How to trigger an action at the end of the Shell/Bash script
Using Bash/Shell trap, a built-in command to define any action to be executed before exiting the Bash or Shell script. You can define multiple actions and per signal.
trap — ‘’ SIGTSTP
trap — ‘’ SIGTTIN
trap — ‘’ SIGTTOU
How it works
The Bash/Shell trap is a built-in command that can be used to trigger an action at the end of the script according to the signal. For example, you can use the
ERR to run a function in case something goes wrong. Use the
EXIT signal to run something every time that exists the script.
Note: Defining another action within the same signal will override the trap.
The Shell Trap built-in command and it’s available on most of the Linux and Unix distributions.
Currently, there are 65 signals (62 listed + 3) and not all of them are supported. You can list the signals available by running
trap -l . The other three are
These are the versions that I’m using.
CentOS Linux release 7.9.2009
Linux 4a48b06b2344 4.19.121-linuxkit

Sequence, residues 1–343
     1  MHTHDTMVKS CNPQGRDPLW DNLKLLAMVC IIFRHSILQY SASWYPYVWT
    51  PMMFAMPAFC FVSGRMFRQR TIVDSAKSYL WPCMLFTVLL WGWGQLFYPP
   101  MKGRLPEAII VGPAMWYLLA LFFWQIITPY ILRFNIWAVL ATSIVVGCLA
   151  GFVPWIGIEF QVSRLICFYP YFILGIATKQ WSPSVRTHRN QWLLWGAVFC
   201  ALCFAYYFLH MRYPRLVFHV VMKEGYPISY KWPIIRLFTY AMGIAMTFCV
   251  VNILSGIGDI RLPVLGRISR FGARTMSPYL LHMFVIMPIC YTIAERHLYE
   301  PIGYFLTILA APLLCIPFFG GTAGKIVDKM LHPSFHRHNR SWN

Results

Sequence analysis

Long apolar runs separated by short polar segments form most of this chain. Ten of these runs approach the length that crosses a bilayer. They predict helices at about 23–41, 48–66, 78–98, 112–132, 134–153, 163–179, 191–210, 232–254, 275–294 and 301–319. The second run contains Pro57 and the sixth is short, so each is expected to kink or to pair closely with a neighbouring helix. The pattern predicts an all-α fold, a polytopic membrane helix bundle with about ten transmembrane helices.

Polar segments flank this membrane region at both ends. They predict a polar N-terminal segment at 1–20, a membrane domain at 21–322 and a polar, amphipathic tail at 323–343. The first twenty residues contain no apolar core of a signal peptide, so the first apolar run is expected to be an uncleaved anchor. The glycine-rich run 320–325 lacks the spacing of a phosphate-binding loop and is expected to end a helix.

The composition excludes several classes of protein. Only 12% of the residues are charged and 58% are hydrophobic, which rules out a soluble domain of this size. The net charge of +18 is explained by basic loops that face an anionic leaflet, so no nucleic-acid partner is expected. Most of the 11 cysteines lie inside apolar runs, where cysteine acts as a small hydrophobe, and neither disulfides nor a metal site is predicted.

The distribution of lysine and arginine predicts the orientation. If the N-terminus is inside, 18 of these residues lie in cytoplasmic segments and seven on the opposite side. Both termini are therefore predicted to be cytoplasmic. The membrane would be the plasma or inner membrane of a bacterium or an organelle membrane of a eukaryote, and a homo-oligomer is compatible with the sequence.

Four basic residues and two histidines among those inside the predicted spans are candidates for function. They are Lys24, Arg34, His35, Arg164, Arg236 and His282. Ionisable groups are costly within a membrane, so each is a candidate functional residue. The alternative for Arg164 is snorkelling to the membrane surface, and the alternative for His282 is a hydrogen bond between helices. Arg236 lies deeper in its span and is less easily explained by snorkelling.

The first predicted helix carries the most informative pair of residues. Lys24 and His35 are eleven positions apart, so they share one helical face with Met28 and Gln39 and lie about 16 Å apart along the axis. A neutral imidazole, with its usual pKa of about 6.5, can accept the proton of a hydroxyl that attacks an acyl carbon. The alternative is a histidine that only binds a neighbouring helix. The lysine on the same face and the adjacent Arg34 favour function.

Bash => 4.2.46(2)-release
cURL => 7.29.0
A code example
This example I will show what happens if the
curl has an invalid URL.
Note: The first function
log is for logging purpose only and I’ll be covering this in a future post. For now, let’s focus on the function
fatal_log and the
trap fatal_log ERR.
Exampling the code
At the beginning of the
fatal_log function, I defined three local variables. The intention was to preserve the return code from the failed command and use it to exit from the script.
- return_codes => Has the return code of the last command, including the pipes. For example, if you run
ls -l | grep -i aaaand there is no
aaafile, the last command with the error was the
grepwith return code
- array_length => This is to check the length of the array
- return_code => It’s the last return code of the
After defining the local variables, I create a function
log to print a
FATAL error in the terminal and send a notification via Slack.
A live example
In the video below, you can confirm the order mentioned above.
- Run the script
- Get the
- Print the
- Get the
- And finally confirming the exit code of the script
The Bash Trap Command
If you've written any amount of bash code, you've likely come across the trap command. Trap allows you to catch signals…
Bash trap command
The most common signal of bash is SIGINT (Signal Interrupt). When the user presses CTRL+C to interrupt any process from…